Lindsay’s life has been deeply touched by breast and ovarian cancer. Not only did she witness her own mother’s battle with both breast and ovarian cancer at the tender age of 12, but she also lost both her grandmother and great grandmother to breast cancer before she was even born. Following her college graduation, Lindsay tested positive for the BRCA1 gene mutation, indicating she had a lifetime risk of up to 85% for developing breast cancer and 44% for developing ovarian cancer.
Vowing to not let the disease strike her as it had three generations of women before her, she opted to have a bilateral risk-reducing mastectomy at Memorial Sloan-Kettering Cancer Center. At just 23 years old, Lindsay was one of the youngest patients in the nation to opt for this procedure.
Through her own experience, Lindsay realized the lack of resources for women in her specific situation – young, healthy women at high risk for developing breast and ovarian cancer. With her magnetic sense of optimism and dedication to changing the future of breast and ovarian cancer, Lindsay created Bright Pink in 2007.
Bright Pink is now the only national non-profit organization with an exclusive focus on prevention and early detection of breast and ovarian cancer in young women, ages 18 – 45 years old. Our organization seeks to educate, enlighten, and empower young women to be proactive, not reactive – to see themselves as advocates for their health, not victims of a disease. The Bright Pink women represent an emerging and growing movement of women across the nation, who are not only proactive advocates for their own health, but for the health of the women they love.
In a world that tends to underemphasize preventative medicine and overlook the needs of high-risk young women, Bright Pink strives to make their voices heard by building a community to educate and support them.
With the help of ten regional chapters and a network of more than 40,000 across the nation, Bright Pink breathes life into the phrase Knowledge is Power.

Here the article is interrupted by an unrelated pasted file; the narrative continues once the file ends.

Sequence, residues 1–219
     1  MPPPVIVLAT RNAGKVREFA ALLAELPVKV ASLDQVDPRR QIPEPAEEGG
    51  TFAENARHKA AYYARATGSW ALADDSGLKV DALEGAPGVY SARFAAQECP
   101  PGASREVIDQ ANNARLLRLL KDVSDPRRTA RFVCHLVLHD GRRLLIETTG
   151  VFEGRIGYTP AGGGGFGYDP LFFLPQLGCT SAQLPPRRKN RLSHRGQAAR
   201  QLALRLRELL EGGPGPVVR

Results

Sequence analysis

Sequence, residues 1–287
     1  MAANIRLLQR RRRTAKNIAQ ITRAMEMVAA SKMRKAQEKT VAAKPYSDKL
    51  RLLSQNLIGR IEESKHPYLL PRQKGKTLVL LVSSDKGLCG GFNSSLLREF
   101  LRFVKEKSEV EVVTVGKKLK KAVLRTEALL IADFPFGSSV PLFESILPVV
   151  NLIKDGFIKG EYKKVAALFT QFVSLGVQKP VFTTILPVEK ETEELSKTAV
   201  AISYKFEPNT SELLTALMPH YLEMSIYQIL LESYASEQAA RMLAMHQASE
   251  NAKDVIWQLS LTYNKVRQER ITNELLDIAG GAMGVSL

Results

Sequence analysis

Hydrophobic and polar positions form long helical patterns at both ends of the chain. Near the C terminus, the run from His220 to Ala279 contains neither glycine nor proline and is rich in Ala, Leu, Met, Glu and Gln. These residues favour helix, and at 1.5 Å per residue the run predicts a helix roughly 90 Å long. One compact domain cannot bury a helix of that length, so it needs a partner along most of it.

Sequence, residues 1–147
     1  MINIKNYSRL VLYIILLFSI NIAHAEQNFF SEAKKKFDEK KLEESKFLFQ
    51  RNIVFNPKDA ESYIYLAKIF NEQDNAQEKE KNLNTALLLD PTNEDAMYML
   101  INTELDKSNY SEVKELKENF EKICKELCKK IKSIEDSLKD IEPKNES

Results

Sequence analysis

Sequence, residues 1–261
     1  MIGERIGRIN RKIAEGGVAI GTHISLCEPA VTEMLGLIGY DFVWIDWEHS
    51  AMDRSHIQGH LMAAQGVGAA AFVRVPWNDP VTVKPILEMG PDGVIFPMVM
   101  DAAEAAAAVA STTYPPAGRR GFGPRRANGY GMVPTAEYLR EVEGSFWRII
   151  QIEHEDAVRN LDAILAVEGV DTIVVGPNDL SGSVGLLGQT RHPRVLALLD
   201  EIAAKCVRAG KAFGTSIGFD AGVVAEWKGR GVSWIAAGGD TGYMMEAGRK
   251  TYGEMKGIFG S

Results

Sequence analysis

The more you know about your risk, the more you can do about it. Young, healthy women have the opportunity to determine their personal risk for breast and ovarian cancer, establish a strategy for being proactive with their health and integrate this strategy into their lifestyle, ultimately empowering them to either detect cancer at an early, non life-threatening stage or prevent it altogether.
2010 was Bright Pink’s best year ever! We hired our third and fourth staffers and received Chicago Scene’s Reader’s Choice Award and were named “#1 Charity in Chicago.” Our Little Bright Book distribution to Ob/Gyn offices bypassed 250,000 copies nationwide, we expanded Bright Pink with new chapters launching in Boston, Vermont and San Antonio, hosted our first ever Fit-Fest fundraiser, executed successful Breast Cancer Awareness Month fundraisers all around the U.S. and received some incredible press coverage. Our proudest moment came just after New Years when we reached our goal of 10,000 fans on Facebook!
Our plans for 2011 include launching population specific educational material for young African American, Latina and Lesbian, Gay, Bisexual and Queer women, expanding Bright Pink by opening Ambassador Chapters in 3 new cities, piloting our Breast/Ovarian Health 101 presentation in communities around the country and developing a program for training medical residents about the unique issues facing high risk young women.
National Programs Manager – Bright Pink